CNH Industrial chief on supply chain woes: ‘it’s like Whack-a-Mole’

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When it comes to the shortages bedevilling global supply chains, Scott Wine, CNH Industrial chief executive, is less worried about semiconductors than tubes and tyres.

Like many manufacturers, CNH, a maker of tractors, trucks and construction equipment that is controlled by Italy’s Agnelli family, is struggling to source parts as the global economy revs back up to meet demand.

But while the company was able to buy most of the chips it needed from brokers, Wine said shipping costs have risen and there have been other shortages “that are much worse for us”.

“Tyres, tubes, across the board, we’ve got 63 suppliers that are stopping our plants from manufacturing,” he told the Financial Times. “It’s like Whack-a-Mole. The good news is my team is really, really good at Whack-a-Mole.”

“It’s the worst supply chain I’ve seen in my career,” he added.

Leo Tolstoy wrote that “happy families are all alike; every unhappy family is unhappy in its own way” — and the same principle applies to manufacturing supply chain woes, said Don Jones, vice-president of RCF Economic & Financial Consulting in Chicago.

“Each industry’s sad tales with its supply chain is going to be peculiar to that industry, depending on where they’re sourcing, and how it’s arriving,” he said.

Manufacturers had to spend more money to source materials last month, with the Institute for Supply Management’s prices paid index, which tracks what manufacturers pay for inputs, jumping to 92.1 in June compared with 88.0 in May, its highest level since the 1970s.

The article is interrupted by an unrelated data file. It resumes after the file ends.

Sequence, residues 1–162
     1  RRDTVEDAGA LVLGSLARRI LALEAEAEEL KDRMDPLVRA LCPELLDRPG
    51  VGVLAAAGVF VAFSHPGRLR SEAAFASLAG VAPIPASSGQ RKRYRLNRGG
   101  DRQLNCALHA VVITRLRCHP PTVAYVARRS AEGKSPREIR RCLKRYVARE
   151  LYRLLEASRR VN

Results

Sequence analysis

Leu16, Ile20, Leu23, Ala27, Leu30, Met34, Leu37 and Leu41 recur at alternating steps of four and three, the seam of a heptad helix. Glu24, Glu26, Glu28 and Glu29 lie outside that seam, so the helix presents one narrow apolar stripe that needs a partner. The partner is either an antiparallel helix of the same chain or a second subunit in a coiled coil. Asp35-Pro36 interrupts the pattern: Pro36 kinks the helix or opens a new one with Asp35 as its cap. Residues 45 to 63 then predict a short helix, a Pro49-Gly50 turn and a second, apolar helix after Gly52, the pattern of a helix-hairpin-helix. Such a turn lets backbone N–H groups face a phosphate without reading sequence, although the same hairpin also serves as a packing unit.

Capital Economics senior economist Michael Pearce said in a note that the report suggests “the ‘transitory’ surge in prices seen over the past few months still has a little while to run”.

CNH Industrial was formed in 2012 after several years of corporate restructuring that began when the late Sergio Marchionne, then chief executive at Fiat, moved to separate Fiat’s automotive and farm equipment businesses.

CNH sold $26bn worth of products in 2020 under brands like New Holland and Iveco, the truck business that it is spinning off as part of a plan to double profits.

A few of those heavy-duty trucks have been built without transmissions, as the chip shortage has not left the company wholly unscathed. Wine said CNH would consider holding a larger chip inventory to ensure its suppliers have all the semiconductors they need to feed parts for assembly into the manufacturer’s factories.

CNH has been able to command higher prices for tractors and combines in the first half of the year, offsetting its supply chain difficulties. In North America, CNH products have enjoyed a 6 per cent pricing premium, Wine said, as high commodity prices sharpened demand among farmers.

The question of whether pricing will stay strong in the second half of the year links CNH’s experience to the macroeconomic question being debated on Wall Street and at the Federal Reserve: namely whether a broad surge in prices is “transitory”, as central bank officials forecast, or longer lasting.

Economist Mary Lovely, a senior fellow at the Peterson Institute for International Economics, said supply chain constraints have left consumers clamouring for goods, including cars and trucks, washers and dryers, and furniture.

“People who haven’t been shopping in a year are out there looking for a new vehicle, or farmers are looking for new equipment,” she said. “Everything is pushing on the demand side when there are actual supply shortages . . . So this is natural. The question is, will this persist?”

Wine said he expects the cost of materials to continue to climb in the second half of the year, but that the company’s pricing power is unlikely to keep pace.

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